Friday, February 18, 2011

Why We Ski

Ski patrol words of Whizdom

Express Staff Writer

Riding up the Lookout Express or Christmas lifts to the top of Baldy, one might easily miss seeing the Sun Valley Ski Patrol shack. It's tucked neatly into the chin of Bald Mountain, an unassuming and low-roofed hut quietly braced against the elements.

Inside, the men and women of ski patrol are unassuming as well, but they're prepared for any contingency that the world-class ski hill might offer. One patrolman, Whiz McNeal, has seen many contingencies in his 37 years helping to keep skiers safe.

Presidents' Day break begins this weekend, and numbers on the hill are expected to swell from a "normal" day of 2,000 skiers to as many as 5,000. So the ski patrol will be out in force, working to keep the holiday safe and incident free. McNeal and 40 additional patrol members will help accomplish that, along with numerous dogs and ski patrol alumni called upon to help on heavy-traffic days. On holiday weekends like this one, it's likely that almost everyone will be on call.

"We sometimes have a mix of people going too fast and a lot of small children on the mountain, so we need to enforce speed control," McNeal said.

It's not his favorite part of the job.

"We generally prefer to be perceived as caregivers, not cops," he said with a laugh.

But McNeal loves his job. From helping visitors find the right slope for their abilities, to stabiliz-ing and transporting injured skiers or riders to the bottom of the mountain, to working outdoors with colleagues he likes and respects, McNeal finds that each day on the mountain brings rewards.

"We get a lot of nice kudos from the people we help," he said.

In keeping with their motto, "Haulin' the Fallen' since 1936," McNeal and his colleagues will be highly visible this weekend and through the week.

Everyone on patrol is certified by the National Ski Patrol in Outdoor Emergency Care. Most are EMTs and many are paramedics. At any given time, 20-25 percent are also firefighters. McNeal said this provides an added layer of safety, efficiency and coordination on the hill.

"We are joined at the hip with the Ketchum Fire Department, the Sun Valley Fire Department and Wood River Fire & Rescue," McNeal said.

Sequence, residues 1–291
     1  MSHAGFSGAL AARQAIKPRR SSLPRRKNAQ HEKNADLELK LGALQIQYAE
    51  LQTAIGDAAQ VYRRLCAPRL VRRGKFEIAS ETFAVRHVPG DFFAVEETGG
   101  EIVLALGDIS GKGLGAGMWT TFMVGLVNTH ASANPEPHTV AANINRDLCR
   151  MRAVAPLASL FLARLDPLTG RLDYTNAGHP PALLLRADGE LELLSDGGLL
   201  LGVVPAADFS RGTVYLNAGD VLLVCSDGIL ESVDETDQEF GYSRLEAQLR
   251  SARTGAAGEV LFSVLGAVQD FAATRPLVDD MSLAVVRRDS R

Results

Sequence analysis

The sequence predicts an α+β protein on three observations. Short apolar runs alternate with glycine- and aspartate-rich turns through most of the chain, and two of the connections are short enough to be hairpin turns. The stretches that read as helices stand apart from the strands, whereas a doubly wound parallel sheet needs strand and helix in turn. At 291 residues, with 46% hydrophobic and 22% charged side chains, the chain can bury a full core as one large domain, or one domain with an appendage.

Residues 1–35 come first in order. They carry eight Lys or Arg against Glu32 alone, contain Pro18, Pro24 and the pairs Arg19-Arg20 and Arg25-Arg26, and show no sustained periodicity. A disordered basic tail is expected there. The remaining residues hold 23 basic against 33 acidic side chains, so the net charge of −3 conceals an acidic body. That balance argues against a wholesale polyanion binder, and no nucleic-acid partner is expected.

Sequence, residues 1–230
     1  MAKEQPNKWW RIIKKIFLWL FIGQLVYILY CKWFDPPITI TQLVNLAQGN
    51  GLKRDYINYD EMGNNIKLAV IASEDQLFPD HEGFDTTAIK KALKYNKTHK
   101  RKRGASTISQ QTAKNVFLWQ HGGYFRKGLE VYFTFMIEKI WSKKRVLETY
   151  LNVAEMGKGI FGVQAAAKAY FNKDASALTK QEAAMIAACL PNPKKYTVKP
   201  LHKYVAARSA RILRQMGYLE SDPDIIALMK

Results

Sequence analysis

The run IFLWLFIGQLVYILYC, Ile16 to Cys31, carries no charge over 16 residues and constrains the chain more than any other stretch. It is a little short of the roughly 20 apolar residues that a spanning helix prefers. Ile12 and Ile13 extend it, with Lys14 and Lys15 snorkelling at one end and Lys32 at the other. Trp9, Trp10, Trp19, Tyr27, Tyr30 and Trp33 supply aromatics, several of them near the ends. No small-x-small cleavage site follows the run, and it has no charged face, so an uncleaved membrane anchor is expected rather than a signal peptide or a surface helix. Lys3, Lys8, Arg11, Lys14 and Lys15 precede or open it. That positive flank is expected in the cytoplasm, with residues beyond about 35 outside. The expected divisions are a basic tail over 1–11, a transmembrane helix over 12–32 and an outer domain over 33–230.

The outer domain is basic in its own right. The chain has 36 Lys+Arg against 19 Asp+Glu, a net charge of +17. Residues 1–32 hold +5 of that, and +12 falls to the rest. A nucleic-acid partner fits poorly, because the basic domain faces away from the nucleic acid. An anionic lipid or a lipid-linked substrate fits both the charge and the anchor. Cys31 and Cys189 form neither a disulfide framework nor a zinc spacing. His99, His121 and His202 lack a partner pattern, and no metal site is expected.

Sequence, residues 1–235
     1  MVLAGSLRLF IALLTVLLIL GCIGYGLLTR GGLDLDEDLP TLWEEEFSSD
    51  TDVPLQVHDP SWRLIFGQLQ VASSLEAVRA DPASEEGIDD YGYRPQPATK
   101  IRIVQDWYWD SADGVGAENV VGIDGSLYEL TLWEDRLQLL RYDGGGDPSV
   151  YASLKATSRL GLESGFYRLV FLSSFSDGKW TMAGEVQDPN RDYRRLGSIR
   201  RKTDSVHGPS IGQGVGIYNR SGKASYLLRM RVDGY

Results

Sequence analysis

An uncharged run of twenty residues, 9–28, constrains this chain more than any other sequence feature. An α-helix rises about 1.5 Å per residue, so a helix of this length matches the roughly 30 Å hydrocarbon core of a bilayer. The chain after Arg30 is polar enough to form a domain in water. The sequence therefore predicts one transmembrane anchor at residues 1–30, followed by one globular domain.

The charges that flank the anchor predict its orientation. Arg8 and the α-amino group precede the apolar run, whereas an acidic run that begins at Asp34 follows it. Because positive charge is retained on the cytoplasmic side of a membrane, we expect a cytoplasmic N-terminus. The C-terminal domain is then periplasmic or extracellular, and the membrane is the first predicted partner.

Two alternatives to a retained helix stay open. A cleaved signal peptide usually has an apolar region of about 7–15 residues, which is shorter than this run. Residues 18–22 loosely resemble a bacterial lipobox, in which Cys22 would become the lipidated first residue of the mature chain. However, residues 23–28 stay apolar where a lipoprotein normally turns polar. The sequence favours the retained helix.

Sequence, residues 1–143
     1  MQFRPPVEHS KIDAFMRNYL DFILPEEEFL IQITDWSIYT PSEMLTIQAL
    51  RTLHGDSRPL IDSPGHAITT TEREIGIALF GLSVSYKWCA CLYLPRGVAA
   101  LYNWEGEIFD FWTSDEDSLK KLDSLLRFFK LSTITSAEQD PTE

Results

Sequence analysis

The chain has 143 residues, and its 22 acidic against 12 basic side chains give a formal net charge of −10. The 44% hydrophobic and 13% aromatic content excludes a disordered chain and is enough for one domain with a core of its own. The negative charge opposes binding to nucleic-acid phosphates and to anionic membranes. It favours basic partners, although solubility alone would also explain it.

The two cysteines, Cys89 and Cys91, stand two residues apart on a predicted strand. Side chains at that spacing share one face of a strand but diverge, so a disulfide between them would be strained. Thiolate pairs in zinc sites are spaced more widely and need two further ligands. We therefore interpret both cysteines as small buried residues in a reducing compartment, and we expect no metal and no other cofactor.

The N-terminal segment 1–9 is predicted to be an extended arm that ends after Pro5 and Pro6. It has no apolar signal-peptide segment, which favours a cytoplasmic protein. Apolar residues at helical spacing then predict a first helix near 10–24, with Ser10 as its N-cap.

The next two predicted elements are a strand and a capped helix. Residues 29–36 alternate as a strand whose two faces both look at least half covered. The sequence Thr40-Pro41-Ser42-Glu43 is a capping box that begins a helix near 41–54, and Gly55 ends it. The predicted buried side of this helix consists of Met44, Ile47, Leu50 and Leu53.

Miles Canfield, a member of the Ketchum Fire Department, is one of about nine full-time fire-fighters who split three full-time ski patrol positions. And many part-time volunteer firefighters are full-time on ski patrol. Canfield said it makes for excellent coordination of care, particularly when a skier needs to be taken off the hill and treated.

"The benefit to ski patrol is they get to take our medical training and experience on patrol," Can-field said. "The advantage for the Fire Department is seamless integration for a patient who might need to be transported to the emergency room. The ready exchange of information is a really big benefit."

He said the different skills brought to ski patrol, not only by firefighters, but also by others who might be full-time rock climbing guides in the summer, help enhance everyone's skills.

Specific and useful skills are common among ski patrol members. If there is ever an emergency on the lifts and they break down, McNeal is one of your men. He's a ropes expert who can evacuate lifts. You'll also find explosives experts, accident investigators, first aid specialists and a lead gunner (think of the person who fires a special "gun" resembling baseball pitching machines of old, all in the name of avalanche mitigation).

Sun Valley enjoys an injury rate per skier day that is a full percentage point below the national average, McNeal said. He attributes that to the high caliber of skiers and excellent grooming on the mountain. So, with many layers of expertise in place at the patrol shack, what does McNeal think is the most important component of skier safety? It's the skier himself, he said.

"The most important thing to skier safety is knowing the safety code," he said. "Most of what skiers need to know is right there on the lift towers. Everyone should read it as they go by. Helmets are good things. So is speed control. But the most important thing is knowing the code."

All of us will hope we will have only limited exposure to ski patrol—a reminder to slow down, the sound of dynamite exploding after a snowstorm while we wait for a lift to open or an assessment after a mild fall. We should rest assured that if we ever need anything more, an extremely well trained and able ski patrol is in that unassuming shack, ready to act.

Help them help you by observing signs, obeying ski area boundaries, knowing the code and be-ing courteous. Here's a quick refresher on the National Ski Patrol Responsibility Code:

(1) Always stay in control, and be able to stop or avoid other people or objects. (2) People ahead of you have the right of way. It is your responsibility to avoid them.
(3) You must not stop where you obstruct a trail, or are not visible from above.
(4) Whenever starting downhill or merging into a trail, look uphill and yield to others.
(5) Always use devices to help prevent runaway equipment.
(6) Observe all posted signs and warnings. Keep off closed trails and out of closed areas.
(7) Prior to using any lift, you must have the knowledge and ability to load, ride and unload safely.

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